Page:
The average house price jumped by nearly £3,000 in March, driven by demand for price increases for larger properties, according to a property website.
Across Britain, the typical price for properties offered on the market rose by £2,906, or 0.8%, compared to the previous month, Rightmove said.
She added that this was mainly due to the average jump of 1.2% or £7,947 in asking prices in the largest homes sector, which includes detached four-bedroom homes and homes with five bedrooms or more in general.
Across all property types, the average property price coming to market was £365,357 in March.
Rightmove said the 0.8% price increase was below the average monthly rise of 1.0% seen in March over the past 20 years, reflecting a higher degree of caution about pricing by many new sellers.
Overall, new seller asking prices are typically around £5,800 below the peak reached in October 2022.
Tim Bannister, Director of Property Science at Rightmove, said: “The start of the spring season sees continued stability and confidence in the market as it recovers from the turbulence towards the end of 2022.
“The pace of the market had reached an unsustainable level in the past two years and was on track to slow to a more normal level, although this slowdown to normal was further accelerated by the reaction to the September scaled-up budget.
“While rising mortgage rates and economic headwinds present challenges, many prospective home movers who have been effectively caught up in the frantic bidding wars of the past couple of years will find that a slow market gives them time to plan and secure their next move as we enter the traditionally busy spring buying season.”
Sales of typical one- and two-bedroom first-time buyer properties are seeing the fastest improvement, Rightmove said.
She added that a contributing factor to the larger home sales lagging behind is signs of fewer people making lifestyle changes due to the coronavirus pandemic.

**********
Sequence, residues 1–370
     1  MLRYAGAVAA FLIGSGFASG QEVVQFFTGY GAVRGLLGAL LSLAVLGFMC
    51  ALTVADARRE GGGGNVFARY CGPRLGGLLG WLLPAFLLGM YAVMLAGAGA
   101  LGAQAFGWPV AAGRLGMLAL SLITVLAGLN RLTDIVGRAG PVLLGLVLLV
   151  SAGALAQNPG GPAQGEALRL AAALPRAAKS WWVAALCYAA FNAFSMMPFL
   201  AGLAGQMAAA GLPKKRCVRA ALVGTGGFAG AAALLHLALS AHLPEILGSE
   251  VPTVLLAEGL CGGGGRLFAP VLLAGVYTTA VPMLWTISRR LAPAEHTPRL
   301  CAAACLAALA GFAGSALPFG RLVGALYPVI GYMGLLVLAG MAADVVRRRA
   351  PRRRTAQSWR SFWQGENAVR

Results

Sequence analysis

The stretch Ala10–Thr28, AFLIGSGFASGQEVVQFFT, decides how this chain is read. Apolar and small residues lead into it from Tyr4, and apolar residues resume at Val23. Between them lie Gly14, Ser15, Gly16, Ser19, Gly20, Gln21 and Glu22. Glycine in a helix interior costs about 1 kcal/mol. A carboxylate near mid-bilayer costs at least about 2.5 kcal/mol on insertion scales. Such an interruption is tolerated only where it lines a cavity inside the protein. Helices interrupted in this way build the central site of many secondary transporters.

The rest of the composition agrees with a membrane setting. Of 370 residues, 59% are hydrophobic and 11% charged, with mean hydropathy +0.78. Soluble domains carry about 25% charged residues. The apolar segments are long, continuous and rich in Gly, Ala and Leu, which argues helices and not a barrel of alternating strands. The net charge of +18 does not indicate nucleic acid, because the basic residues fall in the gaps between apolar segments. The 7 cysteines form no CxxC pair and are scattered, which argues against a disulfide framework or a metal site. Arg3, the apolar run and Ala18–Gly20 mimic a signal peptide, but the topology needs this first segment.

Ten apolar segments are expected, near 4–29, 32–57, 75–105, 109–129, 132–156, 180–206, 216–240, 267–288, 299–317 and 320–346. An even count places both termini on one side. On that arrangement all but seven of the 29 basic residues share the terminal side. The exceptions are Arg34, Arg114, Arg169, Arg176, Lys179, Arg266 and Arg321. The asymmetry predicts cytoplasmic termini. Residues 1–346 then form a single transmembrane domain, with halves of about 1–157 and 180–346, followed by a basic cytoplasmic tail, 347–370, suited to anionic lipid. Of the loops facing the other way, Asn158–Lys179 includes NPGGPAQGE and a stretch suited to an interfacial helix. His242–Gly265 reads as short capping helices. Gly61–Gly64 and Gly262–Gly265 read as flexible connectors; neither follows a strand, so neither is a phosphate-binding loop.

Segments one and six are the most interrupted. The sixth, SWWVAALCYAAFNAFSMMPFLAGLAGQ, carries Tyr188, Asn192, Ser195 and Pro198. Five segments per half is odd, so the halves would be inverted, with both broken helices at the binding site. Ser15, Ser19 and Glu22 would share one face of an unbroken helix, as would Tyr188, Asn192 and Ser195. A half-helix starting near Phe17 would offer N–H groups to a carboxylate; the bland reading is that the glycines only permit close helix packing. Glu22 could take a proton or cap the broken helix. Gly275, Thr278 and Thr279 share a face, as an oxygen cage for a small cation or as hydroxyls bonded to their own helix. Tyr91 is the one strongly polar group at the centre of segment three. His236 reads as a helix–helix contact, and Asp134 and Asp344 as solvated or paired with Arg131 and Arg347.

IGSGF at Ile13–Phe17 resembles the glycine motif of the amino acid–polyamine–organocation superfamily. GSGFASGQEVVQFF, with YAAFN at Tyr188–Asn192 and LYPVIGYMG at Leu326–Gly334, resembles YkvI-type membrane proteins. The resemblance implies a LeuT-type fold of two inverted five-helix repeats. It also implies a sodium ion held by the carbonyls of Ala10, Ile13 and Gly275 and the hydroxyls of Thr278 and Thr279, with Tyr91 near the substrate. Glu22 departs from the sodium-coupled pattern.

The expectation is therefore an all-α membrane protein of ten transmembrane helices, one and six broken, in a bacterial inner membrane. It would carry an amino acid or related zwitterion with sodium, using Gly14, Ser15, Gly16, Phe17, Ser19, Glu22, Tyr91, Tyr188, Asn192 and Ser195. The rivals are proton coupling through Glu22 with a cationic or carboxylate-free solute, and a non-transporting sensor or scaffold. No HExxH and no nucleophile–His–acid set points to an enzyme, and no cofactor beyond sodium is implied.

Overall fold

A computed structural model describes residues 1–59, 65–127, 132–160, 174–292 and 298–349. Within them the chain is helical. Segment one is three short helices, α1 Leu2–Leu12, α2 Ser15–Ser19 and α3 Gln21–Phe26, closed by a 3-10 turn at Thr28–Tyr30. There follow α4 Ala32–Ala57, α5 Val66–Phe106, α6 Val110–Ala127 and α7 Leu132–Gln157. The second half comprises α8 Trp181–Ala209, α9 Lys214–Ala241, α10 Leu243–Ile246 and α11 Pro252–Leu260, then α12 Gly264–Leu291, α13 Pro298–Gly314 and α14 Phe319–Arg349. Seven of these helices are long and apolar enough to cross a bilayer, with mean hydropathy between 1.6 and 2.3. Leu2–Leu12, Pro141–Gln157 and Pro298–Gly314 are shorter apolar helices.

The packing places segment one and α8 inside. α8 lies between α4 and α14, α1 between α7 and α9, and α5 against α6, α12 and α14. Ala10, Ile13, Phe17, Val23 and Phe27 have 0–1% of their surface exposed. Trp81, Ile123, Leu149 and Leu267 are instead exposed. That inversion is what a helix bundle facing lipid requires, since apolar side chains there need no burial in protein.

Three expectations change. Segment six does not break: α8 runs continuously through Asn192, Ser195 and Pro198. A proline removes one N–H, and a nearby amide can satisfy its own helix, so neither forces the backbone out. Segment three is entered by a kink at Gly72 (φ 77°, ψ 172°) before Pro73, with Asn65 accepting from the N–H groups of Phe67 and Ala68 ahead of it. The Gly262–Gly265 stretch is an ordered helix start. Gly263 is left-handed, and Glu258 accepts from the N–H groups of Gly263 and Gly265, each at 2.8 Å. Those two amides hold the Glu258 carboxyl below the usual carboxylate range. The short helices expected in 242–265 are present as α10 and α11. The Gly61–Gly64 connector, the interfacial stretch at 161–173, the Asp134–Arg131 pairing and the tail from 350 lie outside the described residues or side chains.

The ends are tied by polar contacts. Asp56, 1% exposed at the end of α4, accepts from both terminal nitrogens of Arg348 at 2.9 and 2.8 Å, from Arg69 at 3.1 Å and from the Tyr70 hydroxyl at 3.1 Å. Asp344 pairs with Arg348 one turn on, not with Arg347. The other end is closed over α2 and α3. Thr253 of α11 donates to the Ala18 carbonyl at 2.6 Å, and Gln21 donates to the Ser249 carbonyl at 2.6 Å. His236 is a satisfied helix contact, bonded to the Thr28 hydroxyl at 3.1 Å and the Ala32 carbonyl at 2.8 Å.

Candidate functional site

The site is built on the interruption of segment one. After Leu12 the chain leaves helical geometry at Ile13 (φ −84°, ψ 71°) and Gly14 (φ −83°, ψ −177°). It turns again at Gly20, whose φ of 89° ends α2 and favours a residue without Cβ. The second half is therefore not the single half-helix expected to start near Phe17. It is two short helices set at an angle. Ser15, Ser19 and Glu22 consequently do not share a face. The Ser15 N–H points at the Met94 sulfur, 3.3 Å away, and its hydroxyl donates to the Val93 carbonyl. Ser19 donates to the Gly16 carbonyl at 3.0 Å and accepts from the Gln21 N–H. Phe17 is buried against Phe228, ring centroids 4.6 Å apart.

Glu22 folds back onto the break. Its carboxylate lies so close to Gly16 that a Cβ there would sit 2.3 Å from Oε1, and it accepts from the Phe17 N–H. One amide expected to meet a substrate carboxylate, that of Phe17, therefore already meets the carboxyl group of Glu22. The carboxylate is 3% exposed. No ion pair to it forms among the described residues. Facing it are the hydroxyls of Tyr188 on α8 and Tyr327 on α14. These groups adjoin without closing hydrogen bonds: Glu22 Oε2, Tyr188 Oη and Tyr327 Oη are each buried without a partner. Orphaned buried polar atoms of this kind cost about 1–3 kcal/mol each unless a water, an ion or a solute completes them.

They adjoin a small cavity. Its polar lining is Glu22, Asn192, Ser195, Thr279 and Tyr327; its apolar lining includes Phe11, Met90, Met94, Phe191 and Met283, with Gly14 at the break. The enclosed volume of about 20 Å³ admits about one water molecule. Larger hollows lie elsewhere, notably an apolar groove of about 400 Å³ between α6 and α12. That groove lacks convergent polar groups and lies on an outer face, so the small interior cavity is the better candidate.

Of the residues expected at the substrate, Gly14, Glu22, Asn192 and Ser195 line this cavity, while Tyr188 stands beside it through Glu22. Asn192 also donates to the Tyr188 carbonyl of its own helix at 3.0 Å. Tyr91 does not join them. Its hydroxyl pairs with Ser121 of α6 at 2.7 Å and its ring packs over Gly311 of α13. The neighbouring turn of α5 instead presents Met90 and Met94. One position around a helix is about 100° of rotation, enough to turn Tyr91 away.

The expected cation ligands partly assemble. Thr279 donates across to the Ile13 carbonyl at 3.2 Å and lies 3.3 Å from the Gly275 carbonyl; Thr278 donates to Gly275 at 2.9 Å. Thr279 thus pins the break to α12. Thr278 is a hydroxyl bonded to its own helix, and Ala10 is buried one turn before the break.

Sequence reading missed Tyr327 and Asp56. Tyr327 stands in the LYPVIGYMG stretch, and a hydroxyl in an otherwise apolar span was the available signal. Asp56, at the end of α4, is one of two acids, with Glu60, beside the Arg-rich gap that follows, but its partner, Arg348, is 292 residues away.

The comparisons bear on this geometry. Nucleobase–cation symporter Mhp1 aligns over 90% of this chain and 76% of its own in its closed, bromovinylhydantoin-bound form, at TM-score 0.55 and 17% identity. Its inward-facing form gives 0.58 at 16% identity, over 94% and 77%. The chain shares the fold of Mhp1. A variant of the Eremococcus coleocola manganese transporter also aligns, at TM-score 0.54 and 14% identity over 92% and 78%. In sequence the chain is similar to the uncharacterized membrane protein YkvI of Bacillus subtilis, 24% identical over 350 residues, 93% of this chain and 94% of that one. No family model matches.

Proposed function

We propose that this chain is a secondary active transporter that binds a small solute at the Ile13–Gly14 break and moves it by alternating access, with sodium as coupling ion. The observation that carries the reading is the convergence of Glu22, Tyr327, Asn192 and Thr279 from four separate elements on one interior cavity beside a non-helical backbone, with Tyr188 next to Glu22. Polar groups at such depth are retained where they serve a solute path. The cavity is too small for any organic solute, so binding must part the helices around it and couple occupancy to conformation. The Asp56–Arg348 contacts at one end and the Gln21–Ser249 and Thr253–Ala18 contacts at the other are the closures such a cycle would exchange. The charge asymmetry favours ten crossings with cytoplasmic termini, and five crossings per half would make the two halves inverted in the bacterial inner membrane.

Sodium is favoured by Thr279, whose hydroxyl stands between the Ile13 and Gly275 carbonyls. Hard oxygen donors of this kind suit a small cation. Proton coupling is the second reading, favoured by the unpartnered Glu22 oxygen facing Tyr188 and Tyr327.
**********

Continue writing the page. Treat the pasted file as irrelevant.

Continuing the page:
The share of buyers inquiring about moving more than 50 kilometers from where they live is now 15%, the same level as in 2019 and below its pandemic peak of 18%.
Rightmove also said that signs that inflation may be declining more quickly than previously expected could mean that increases in the Bank of England’s base rate are more moderate, which will have an impact on mortgages.
But, she added, market conditions are changeable, and it remains to be seen how the mortgage market will react in the coming weeks.
Rightmove also quotes Marc von Gründer, director of estate agent Benham & Reeves, who said: “While the London market has not performed as strongly as the rest of the UK during the pandemic market boom, momentum is building and during asking prices it is still a little off.” And the pace for this time of year, we’ve seen a solid and consistent level of buyer demand so far in 2023.
This is due to a reflection of the pandemic-inspired exodus of London buyers looking beyond the capital for larger, more affordable homes.
“This reversal has been driven by a return to normalcy, both socially and within the workplace, with many buyers now keen to return to the convenience of living in London.”
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